This story was updated at 3 p.m. on Dec. 31, 2013.
Montgomery County Police say a fast-acting officer saved an infant’s life after the 9-day-old baby stopped breathing early Monday morning.
According to police, Officer Ben Crumlin, a six-year veteran officer in the Third District in Silver Spring, was on patrol about 1 a.m. Monday on Randolph Road near Hammonton Place. A car driving down Randolph Road began flashing its lights and honking its horn as it neared his cruiser.
Crumlin said in a phone interview that he was on patrol when he saw a car speeding up behind him.
“There’s this car flashing its lights. ... I was thinking, someone pulling up to say, there’s a wreck behind me....,” he said
Instead, the man driving the car pulled up to Crumlin’s cruiser, and told him, “My baby’s not breathing,” he said.
Crumlin took the baby boy from his mother, who was in the car with her other son, and immediately began performing CPR — a tricky task because the child was so young and little.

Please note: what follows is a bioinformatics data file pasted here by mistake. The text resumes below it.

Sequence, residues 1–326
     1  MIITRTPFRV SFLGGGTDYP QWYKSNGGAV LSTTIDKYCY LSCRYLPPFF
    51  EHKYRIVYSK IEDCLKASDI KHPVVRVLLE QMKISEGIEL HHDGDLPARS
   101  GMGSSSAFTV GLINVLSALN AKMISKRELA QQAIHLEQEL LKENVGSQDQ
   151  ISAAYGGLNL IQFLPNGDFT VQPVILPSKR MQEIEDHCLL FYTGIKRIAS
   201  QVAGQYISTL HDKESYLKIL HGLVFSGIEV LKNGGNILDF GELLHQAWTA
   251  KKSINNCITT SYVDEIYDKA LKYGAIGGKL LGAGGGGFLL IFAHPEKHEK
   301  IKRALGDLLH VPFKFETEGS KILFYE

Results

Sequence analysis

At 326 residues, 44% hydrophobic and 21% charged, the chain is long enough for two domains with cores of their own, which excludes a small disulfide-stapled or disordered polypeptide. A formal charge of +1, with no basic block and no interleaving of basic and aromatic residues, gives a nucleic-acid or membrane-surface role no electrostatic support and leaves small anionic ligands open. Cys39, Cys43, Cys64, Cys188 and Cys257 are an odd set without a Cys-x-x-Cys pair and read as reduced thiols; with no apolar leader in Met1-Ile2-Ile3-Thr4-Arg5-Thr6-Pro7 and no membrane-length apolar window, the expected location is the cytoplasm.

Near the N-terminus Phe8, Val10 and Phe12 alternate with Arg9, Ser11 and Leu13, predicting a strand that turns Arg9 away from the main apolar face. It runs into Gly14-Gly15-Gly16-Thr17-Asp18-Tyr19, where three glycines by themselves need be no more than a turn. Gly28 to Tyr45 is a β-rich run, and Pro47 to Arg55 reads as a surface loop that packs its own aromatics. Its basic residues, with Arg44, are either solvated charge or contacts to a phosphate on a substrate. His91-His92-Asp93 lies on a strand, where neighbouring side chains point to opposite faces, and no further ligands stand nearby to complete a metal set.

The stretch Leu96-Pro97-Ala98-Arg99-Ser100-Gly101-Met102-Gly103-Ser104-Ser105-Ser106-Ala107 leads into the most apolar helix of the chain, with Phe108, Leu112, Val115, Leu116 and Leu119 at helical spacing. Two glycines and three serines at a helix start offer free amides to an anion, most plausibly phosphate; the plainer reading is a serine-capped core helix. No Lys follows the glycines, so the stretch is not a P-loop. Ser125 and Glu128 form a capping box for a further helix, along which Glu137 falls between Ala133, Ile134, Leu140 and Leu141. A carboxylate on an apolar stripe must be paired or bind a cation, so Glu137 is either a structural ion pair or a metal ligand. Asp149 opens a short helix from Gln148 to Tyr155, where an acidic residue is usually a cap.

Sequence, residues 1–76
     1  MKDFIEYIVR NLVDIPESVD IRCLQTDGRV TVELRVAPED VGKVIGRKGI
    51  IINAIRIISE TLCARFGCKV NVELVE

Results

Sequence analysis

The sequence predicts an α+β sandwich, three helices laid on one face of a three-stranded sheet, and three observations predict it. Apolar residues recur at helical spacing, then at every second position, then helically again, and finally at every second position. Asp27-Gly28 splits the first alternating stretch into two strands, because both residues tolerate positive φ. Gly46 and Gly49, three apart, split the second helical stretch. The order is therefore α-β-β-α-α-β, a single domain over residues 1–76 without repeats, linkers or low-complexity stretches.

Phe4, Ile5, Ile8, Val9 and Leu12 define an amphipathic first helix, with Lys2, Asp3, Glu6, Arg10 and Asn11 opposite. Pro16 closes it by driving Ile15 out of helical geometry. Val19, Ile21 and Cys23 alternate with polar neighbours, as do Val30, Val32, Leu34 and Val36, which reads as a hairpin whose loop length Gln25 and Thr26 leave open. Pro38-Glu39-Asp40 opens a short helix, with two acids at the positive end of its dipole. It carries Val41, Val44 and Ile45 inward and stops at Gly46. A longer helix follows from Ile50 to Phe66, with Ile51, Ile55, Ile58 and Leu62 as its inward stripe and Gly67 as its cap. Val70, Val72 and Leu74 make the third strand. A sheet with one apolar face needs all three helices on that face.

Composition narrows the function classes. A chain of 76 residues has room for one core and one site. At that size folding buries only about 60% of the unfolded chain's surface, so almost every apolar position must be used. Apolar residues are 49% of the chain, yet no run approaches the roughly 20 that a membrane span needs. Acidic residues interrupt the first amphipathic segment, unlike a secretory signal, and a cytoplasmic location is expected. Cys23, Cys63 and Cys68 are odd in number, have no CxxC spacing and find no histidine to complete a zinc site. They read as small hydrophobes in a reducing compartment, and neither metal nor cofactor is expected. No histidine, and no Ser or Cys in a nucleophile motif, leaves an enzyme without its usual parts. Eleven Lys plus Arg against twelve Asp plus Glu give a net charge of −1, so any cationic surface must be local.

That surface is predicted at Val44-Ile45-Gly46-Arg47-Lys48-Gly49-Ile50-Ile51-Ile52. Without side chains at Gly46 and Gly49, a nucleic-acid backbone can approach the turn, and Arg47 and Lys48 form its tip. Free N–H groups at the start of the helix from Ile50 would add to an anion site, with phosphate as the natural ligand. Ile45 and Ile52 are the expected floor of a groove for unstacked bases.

“He was no bigger than a football. I was able to cradle him in my forearm,” Crumlin said.
Eventually, after perforning chest compressions and rescue breathing, the baby was revived, he said.
“Finally, [the baby] started to breathe a little — he was struggling mightily to breathe,” Crumlin said.
Crumlin kept performing CPR until other rescue workers to come to his aid. Fire and Rescue personnel took the baby to a local hospital, where the baby received treatment and recovered.
Crumlin said he wasn’t sure why the baby had trouble breathing. He said that at the hospital, he learned the baby had vomited shortly before the incident, and that possibly it regurgitated some of its vomit.
Crumlin called the situation a “win-win,” and credited the baby’s family for staying calm and thinking quickly.
The baby was hospitalized for several hours, but released Monday morning, police said.
In a written statement detailing Crumlin’s actions, Third District Commander Don Johnson said, “Patrol officers never know what they face when they encounter a speeding vehicle at one o’clock in the morning. It may be nothing more than a traffic violation or it could be a robbery that just occurred. ... Officer Crumlin’s training and experience and his ability to act quickly made a difference in this child’s life.”